These are not sentiments of a politician, a Trump attacker or apologist. William Taylor sounds like a professional who has given his life and work to the sovereignty of a country threatened by its enemy, an enemy that infiltrated an American election that his president has denied ever happened, to the point of trying to shift blame on the very country he works in America’s interests to protect. His passion reverberates in every word of the above statement. And, for whatever reasons, Trump fucked with all of that. No one is disputing that much. That, I argue, and I think Taylor’s tone and testimony concurred, is an abuse of power and a shirking of the constitutional duties of the presidency and therefore enough for impeachment. And that is, as Taylor asserts, a forgotten angle to all this political back and forth that has and will transpire during these historical impeachment hearings.
In the nearly nine months (Trump released the funds on September 11 after severe and vociferous bi-partisan bitching by congress and the whistleblower allegations that he was playing footsies with Ukraine’s president to toss mud on his possible 2020 opponent) Ukraine lost hundreds of lives on the battlefield and compromised its position in defending its nation against Russian aggression. This is the ugly story Bill Taylor told that has not been refuted by even the craziest Trump zealots. Nine months went by as Trump did whatever he was doing. Allied lives were at stake and as such American security was compromised.
To make clear, the Trump administration initially told Congress it was releasing the aid to Ukraine on February 28. It repeated that assertion to Congress again on May 23. Not once in this timeline had the president given a single reason for this – incoherent, weird, reasonable or otherwise. Senate Majority Leader Mitch McConnell, who has arguably been Trump’s most effective attack machine on Capitol Hill, went to the cameras by mid-summer and shrugged his shoulders as to what was going on after he had been rebuffed by the State Department and the White House as to what the hell the president was doing and why.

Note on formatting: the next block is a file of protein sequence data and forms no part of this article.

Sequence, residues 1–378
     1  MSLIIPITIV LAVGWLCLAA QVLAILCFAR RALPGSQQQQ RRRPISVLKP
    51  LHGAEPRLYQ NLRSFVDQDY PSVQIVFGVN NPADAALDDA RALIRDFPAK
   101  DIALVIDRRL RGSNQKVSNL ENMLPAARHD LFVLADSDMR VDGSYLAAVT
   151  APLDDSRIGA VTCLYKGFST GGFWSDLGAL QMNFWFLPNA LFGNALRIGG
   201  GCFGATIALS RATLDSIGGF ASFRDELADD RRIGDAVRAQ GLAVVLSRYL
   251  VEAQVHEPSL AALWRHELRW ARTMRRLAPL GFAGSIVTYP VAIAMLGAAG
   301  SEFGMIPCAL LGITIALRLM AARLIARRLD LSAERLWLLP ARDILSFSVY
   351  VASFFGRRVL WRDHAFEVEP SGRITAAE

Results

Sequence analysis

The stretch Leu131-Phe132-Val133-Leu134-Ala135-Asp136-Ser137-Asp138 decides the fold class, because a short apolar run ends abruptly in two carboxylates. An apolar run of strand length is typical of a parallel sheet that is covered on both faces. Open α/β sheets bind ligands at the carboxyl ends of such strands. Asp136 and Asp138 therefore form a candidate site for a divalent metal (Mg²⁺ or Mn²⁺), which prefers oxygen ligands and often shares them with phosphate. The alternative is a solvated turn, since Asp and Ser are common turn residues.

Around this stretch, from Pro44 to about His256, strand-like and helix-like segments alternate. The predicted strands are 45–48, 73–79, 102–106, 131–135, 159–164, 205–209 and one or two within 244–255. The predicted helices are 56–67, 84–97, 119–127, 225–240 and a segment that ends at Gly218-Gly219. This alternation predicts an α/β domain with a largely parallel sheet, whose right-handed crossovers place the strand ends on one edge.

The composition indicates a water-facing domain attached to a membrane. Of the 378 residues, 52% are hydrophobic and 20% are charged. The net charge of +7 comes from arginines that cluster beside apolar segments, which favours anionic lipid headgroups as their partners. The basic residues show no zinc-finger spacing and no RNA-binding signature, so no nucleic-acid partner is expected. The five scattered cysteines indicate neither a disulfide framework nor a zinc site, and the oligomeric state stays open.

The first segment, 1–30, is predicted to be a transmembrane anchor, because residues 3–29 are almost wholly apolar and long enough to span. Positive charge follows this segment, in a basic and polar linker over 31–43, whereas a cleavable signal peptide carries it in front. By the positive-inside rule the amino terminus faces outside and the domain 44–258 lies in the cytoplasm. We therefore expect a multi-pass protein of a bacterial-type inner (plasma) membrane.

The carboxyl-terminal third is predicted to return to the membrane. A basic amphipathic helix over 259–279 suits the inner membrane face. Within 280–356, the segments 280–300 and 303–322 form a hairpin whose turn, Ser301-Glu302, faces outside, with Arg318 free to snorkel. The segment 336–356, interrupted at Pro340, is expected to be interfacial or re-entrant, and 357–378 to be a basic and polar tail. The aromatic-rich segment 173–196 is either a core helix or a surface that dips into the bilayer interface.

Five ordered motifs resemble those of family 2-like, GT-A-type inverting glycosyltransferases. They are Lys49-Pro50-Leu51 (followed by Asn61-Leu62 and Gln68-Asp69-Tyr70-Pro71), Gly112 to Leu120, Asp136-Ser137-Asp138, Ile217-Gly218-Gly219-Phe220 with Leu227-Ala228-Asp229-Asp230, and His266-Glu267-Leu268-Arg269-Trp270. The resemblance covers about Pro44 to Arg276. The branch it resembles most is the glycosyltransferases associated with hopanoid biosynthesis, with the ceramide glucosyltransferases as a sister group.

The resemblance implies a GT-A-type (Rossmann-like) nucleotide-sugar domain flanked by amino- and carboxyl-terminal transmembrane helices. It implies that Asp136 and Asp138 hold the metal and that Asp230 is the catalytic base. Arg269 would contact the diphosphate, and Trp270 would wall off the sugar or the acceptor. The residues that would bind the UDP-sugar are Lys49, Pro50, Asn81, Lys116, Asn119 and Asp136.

At best McConnell had first been told from White House Chief of Staff, Mick Mulvaney, who was doubling as director of the Office of Management and Budget, that Trump wanted the money withheld because he had “concerns” about the aid’s necessity. Not, mind you, about ferreting out Ukrainian corruption or some half-baked conspiracy theories whipped up by rightwing blogs that the 2016 DNC email hacks had come from Ukraine and not Russia. These asinine cover stories, still being peddled, were later whipped up once the shit hit the fan.
Ten days after the funds were finally released, Trump, who lies so much he actually contradicts those lies with different lies, changed his story twice. On Monday, September 21, Trump told reporters that his decision to withhold the funds was due to concerns about corruption in Ukrainian President Volodymyr Zelensky’s new government. Asked again the next day, Trump said he’d withheld the aid out of frustration that European countries were not doing enough to support Ukraine. This was followed by Mulvaney hosting a self-immolating press conference that we should all “get over it” because “it’s done all the time.”
Needless to say, all of this has led to where we are; impeachment hearings that Trump calls a hoax, because he calls everything a hoax. Here’s what not a hoax; the president of the United Stated withheld $391 million of military aid to an ally in time of war, a measure considered crucial enough for both houses of congress to pass as part of the annual budget and for the president himself to sign. Evidence is mounting that he did so for personal political gain and used unelected officials, rogue elements of the state department, and known criminals to help him pull it off. This is important distinctions to why, but the mere act of doing it is enough to warrant his removal from office as an unfit commander-in-chief.
© James Campion November 15th 2019
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James Campion is the Managing Editor of The Reality Check News & Information Desk and the author of “Deep Tank Jersey”, “Fear No Art”, “Trailing Jesus”, "Midnight For Cinderella" and “Y”. +, “Shout It Out Loud – The Story of KISS’s Destroyer and the Making of an American Icon” + “Accidently Like a Martyr – The Tortured Art of Warren Zevon”